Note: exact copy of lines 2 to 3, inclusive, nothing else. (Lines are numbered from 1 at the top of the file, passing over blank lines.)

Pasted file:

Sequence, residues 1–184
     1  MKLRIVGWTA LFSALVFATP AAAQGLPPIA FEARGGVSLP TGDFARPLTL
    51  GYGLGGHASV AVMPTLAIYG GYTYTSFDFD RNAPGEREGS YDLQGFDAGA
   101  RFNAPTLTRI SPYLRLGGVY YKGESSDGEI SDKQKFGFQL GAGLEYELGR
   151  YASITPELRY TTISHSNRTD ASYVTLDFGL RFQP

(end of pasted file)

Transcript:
     1  MKLRIVGWTA LFSALVFATP AAAQGLPPIA FEARGGVSLP TGDFARPLTL
    51  GYGLGGHASV AVMPTLAIYG GYTYTSFDFD RNAPGEREGS YDLQGFDAGA